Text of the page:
All too often, our New Years resolutions or goals are centered around demands on ourselves. We jot down lists of things we need to improve about our bodies, personality, or lifestyle. We say we have to do this, quit that, or stop something else. And each time we do something that contradicts a bullet point on our list, we deem ourselves a failure.
What if we instead wrote a list of intentions.
Using the word intention creates a completely different way of thinking. Instead of forming demands or pressures on ourselves, we’re saying “This is what I would like to do” or “This is what I intend to do“.
By choosing to set intentions rather than goals or resolutions, we are also opening up to contemplation of a bigger picture. For example, an intention can entail a way of being: “I intend to be compassionate and kind towards other people”.
Setting intentions, rather than resolutions, doesn’t eliminate the possibility for self improvement. On the contrary, it’s a way of sketching your goals out in a kinder and more achievable way.
This year, try something new instead of formulating your goals in a tone that’ll make you feel like a failure if you don’t achieve every row on your list. Here’s how to set your intentions for the coming year.
How to Set Your Intentions for the Coming Year
1. How do you want to feel?
Take a moment to see yourself in the coming months or year. How do you want to feel? Perhaps you are craving more excitement? More calm? Or more happiness in your life. Look at how the past couple of months have been, what has been burdening you or making you unhappy? What feeling is coupled with that, and what is the opposite of that feeling? Write down that feeling and draw a circle around it.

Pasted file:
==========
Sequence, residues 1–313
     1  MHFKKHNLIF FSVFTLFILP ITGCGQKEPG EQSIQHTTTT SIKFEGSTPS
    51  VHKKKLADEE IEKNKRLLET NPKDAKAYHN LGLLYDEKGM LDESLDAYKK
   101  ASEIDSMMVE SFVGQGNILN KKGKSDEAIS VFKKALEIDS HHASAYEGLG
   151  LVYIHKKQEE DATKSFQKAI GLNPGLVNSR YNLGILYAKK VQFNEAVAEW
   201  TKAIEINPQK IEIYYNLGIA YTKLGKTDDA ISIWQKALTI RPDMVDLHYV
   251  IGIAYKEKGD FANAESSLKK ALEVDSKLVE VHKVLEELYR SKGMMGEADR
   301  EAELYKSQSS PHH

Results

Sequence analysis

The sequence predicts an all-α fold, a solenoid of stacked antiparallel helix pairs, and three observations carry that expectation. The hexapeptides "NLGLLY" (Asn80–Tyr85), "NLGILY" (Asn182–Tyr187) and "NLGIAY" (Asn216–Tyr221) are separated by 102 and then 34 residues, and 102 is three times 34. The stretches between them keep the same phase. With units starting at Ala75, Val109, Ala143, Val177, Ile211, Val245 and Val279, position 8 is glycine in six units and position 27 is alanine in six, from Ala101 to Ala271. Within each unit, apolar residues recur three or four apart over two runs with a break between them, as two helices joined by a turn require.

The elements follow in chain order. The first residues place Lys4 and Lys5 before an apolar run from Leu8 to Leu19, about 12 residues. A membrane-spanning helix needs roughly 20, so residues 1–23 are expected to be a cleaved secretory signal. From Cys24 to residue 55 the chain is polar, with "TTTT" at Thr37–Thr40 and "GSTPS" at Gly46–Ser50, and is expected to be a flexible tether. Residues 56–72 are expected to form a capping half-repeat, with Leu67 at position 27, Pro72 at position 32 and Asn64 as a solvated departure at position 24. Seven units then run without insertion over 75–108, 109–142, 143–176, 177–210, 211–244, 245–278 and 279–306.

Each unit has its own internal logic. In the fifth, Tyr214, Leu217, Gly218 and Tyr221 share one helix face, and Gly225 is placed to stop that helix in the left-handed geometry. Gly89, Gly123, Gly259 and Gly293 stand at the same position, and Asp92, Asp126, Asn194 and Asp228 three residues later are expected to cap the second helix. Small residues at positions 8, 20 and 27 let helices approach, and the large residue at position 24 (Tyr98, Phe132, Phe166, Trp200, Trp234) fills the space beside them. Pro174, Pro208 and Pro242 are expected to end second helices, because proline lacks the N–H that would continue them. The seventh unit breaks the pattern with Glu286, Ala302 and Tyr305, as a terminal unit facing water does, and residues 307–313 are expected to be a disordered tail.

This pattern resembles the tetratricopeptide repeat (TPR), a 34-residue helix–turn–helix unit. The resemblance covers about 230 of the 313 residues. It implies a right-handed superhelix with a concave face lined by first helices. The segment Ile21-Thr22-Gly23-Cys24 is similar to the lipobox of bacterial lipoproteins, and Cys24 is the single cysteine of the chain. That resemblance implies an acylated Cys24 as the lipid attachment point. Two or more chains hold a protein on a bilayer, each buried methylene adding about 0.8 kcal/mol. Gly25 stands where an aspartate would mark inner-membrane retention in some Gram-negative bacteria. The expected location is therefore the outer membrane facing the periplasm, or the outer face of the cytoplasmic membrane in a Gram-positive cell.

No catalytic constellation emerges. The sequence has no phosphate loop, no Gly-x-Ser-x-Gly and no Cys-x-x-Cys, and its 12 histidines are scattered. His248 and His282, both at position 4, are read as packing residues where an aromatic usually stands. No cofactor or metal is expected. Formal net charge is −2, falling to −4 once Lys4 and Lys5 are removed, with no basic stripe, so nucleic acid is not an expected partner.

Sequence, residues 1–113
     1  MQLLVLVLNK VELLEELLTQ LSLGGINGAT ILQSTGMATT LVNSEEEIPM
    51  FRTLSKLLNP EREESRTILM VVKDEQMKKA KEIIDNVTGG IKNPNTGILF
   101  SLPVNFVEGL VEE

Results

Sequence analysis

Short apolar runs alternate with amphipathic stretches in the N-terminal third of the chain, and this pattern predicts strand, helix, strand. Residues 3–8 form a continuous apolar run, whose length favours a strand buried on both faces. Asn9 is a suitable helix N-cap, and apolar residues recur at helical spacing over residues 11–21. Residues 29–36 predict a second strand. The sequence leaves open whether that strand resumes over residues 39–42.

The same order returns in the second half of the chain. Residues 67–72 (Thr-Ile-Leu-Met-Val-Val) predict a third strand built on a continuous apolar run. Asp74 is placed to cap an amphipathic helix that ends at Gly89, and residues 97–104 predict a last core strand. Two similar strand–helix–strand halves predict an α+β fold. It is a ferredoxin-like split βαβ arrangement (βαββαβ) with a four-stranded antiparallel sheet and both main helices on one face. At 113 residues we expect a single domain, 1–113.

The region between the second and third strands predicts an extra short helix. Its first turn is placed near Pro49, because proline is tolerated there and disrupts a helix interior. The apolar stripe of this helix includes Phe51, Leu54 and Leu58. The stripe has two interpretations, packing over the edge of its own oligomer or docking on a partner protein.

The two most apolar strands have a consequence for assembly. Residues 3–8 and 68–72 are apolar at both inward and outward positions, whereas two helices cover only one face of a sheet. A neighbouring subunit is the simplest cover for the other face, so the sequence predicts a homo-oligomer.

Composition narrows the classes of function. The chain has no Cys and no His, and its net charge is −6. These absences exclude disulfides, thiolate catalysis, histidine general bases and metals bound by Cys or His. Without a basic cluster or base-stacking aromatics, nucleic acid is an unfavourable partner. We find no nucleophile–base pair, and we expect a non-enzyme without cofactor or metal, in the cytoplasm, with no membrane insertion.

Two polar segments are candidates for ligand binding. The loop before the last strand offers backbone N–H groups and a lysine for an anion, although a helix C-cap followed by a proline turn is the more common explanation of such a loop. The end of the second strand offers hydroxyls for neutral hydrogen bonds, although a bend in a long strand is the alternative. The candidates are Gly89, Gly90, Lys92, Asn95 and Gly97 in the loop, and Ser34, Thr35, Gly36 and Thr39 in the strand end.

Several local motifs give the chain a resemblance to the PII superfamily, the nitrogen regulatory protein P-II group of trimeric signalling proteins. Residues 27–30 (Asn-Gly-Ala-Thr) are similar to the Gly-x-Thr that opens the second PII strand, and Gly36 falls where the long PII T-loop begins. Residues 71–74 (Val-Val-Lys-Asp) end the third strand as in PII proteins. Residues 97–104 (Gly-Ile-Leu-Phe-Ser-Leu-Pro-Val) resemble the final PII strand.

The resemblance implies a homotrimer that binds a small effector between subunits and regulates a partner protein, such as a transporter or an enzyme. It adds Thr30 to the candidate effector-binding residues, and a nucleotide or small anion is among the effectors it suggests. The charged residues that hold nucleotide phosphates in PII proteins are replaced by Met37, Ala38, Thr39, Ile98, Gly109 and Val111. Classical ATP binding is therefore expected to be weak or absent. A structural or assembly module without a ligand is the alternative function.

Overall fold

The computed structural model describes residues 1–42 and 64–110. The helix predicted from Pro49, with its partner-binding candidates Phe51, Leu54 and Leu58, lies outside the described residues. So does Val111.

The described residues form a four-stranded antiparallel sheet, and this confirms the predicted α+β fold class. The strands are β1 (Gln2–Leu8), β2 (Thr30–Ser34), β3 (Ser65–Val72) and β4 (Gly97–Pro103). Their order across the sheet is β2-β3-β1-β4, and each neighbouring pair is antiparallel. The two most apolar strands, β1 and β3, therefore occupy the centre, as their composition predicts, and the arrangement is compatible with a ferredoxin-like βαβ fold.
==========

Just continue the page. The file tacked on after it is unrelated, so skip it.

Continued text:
Example: You have been stressed out and anxious at work these past months. You’ve had very little time to rest and recover and can’t remember the last time you felt calm. The opposite of what you have been feeling would be relaxed and calm.
2. What are some activities you would like to do more?
With the feeling(s) you outlined in the previous step, what are some activities you could do that would help you achieve that feeling? Next to each of the feelings, draw a line out from the circle or bubble, and write down all the activities you can think of that would promote that feeling.
Example: You want to feel more calm and relaxed. Yoga, meditation, taking a bath, going for a walk, or drawing are some activities that promote serenity.
3. What steps do you need to take in order to do these activities?
Look at the activities you wrote down in the previous step. What actions are necessary for you to start the activity? Perhaps there’s a course or class you can sign up for? Maybe you need to buy some supplies that’ll allow you to work on your new project. Is there someone you can ask to teach you more about your new venture? Write these things down below each of the feelings and activities.
Example: To do yoga you want to sign up for online classes and buy a yoga mat. For your drawing you want to buy a mindfulness coloring book. And you want to call your friend to ask if they would like to go for a walk with you.
4. String it all together
Now that you’ve got the feeling you want to achieve, the activities you can pursue to achieve that feeling, and the steps necessary to do the activities, you’re able to string each one together to create an intention. Form intentions of each of the feelings, activities and steps you’ve written down.
Example: My intention: “I intend to sign up for online yoga classes and buy a yoga mat so that I can start practicing yoga to feel relaxed and calm.”